Commission requests MALTA to end finch trapping

The European Commission has requested Malta to bring its hunting legislation into line with EU rules on the conservation of wild birds. The case concerns Malta's decision to apply a derogation to the EU Birds Directive (2009/147/EC), allowing the live capture (i.e. trapping) of seven species of wild finches as from 2014. Member States may derogate from the requirement of strict protection only in the absence of other satisfactory solutions, and provided that the population of the species concerned is maintained at a satisfactory level. As these conditions are not met in this case, the Commission sent a letter of formal notice in October 2014, urging Malta to refrain from finch trapping. Malta went ahead with the derogation as planned and does not agree with the Commission's position, so the Commission is now sending a reasoned opinion. If Malta fails to act within two months, the case may be referred to the EU Court of Justice.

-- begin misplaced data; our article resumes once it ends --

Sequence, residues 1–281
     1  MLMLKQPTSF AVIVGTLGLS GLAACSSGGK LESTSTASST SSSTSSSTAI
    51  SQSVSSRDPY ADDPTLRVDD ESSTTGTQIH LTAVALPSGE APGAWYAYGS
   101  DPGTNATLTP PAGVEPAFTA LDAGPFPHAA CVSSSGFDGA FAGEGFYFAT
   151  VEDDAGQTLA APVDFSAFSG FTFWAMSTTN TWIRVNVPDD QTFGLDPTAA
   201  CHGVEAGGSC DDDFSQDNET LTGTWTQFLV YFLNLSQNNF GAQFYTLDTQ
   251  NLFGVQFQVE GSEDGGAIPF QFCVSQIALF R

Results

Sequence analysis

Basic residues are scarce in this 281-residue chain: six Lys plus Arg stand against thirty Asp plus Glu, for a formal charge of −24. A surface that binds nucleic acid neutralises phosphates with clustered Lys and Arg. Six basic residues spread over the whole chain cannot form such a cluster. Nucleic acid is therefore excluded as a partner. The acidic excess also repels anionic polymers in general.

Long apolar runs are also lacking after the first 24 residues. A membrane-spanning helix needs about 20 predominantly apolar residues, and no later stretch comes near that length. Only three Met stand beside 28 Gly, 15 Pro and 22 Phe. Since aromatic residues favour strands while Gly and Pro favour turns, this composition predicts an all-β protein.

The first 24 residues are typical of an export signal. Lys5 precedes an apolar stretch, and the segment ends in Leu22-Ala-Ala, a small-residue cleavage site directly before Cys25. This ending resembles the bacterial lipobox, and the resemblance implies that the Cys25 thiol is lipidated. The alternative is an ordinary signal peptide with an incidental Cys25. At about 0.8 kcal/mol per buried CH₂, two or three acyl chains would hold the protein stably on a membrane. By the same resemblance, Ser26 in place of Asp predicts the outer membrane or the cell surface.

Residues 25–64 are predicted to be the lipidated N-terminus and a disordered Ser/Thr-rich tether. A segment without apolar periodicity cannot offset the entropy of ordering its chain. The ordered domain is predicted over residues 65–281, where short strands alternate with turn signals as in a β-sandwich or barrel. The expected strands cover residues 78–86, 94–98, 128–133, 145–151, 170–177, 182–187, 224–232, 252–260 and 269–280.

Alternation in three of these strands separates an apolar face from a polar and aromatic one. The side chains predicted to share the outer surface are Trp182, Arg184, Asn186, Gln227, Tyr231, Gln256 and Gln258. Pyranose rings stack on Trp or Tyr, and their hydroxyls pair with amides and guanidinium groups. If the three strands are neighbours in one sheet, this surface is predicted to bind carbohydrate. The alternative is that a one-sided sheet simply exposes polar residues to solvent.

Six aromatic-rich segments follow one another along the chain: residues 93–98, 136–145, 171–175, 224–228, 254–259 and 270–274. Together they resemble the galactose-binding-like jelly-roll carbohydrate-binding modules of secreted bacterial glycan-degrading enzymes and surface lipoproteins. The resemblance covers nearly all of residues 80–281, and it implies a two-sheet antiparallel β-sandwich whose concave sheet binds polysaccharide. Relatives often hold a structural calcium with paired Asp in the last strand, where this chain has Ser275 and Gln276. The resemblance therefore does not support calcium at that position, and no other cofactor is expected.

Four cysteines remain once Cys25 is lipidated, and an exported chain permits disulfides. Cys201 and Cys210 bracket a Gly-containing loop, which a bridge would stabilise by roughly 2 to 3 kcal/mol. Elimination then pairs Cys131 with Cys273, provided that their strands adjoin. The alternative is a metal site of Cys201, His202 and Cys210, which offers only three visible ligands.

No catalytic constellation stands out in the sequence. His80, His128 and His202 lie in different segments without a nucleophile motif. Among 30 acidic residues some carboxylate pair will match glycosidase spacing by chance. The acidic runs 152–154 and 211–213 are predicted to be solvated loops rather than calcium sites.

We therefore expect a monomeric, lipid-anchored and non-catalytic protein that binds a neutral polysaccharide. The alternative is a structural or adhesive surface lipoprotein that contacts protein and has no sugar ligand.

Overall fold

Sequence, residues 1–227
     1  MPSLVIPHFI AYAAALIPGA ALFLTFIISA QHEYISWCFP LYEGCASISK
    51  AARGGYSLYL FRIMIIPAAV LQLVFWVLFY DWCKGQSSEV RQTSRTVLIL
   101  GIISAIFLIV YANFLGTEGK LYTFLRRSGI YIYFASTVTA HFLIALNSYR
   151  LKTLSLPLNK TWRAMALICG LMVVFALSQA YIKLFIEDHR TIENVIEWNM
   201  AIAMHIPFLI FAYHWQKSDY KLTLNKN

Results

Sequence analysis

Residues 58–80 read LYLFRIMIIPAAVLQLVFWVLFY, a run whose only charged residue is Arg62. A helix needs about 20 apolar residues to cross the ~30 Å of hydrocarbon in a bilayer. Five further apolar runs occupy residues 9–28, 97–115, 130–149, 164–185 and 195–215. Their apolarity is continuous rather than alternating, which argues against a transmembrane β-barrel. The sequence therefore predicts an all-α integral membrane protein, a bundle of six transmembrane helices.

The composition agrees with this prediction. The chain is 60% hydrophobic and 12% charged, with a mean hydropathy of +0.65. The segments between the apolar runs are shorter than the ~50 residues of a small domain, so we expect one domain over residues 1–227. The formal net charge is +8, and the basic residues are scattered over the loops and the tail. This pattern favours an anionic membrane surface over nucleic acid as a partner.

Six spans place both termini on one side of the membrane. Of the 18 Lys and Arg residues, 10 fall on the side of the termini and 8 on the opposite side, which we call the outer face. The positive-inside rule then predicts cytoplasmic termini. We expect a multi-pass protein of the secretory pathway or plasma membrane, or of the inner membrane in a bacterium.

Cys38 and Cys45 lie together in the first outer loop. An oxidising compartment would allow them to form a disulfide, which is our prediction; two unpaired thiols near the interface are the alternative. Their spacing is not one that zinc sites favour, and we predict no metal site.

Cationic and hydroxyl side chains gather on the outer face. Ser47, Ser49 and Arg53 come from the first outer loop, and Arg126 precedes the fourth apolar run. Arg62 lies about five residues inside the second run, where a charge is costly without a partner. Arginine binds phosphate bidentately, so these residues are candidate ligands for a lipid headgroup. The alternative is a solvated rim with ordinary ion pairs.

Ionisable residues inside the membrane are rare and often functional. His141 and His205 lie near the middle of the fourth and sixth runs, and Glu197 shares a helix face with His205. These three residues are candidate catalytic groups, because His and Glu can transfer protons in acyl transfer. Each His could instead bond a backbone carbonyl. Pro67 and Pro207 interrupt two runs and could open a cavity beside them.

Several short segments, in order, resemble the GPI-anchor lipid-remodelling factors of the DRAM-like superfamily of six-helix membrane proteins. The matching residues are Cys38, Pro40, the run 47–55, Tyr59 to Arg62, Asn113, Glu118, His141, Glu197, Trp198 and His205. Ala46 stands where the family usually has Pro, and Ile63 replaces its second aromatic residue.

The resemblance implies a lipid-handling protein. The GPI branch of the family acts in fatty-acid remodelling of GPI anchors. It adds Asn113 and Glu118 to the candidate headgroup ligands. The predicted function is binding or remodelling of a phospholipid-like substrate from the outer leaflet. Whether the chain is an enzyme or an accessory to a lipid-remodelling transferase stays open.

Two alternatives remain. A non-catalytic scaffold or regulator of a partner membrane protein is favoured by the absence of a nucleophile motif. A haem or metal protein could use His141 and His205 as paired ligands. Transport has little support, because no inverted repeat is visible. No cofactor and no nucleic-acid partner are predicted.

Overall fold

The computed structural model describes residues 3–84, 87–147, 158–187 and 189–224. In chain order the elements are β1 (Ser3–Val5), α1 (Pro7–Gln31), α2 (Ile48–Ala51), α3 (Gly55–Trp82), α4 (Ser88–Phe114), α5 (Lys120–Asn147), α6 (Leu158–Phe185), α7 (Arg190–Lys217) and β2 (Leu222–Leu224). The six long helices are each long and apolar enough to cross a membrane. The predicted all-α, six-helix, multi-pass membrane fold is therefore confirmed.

(For more information: Enrico Brivio – Tel.: +32 229 56172)


102 million of unduly spent Euros by Greece, Ireland and Slovenia will have to be reimbursed to the EU

A total of €102 million of EU agricultural policy funds, unduly spent by Member States, is being claimed back by the European Commission from Greece, Ireland and Slovenia under the so-called clearance of accounts procedure. This money returns to the EU budget because of non-compliance with EU rules or inadequate control procedures on agricultural expenditure. Member States are responsible for paying out and checking expenditure under the Common Agricultural Policy (CAP), and the Commission is required to ensure that Member States have made correct use of the funds.

Official press release: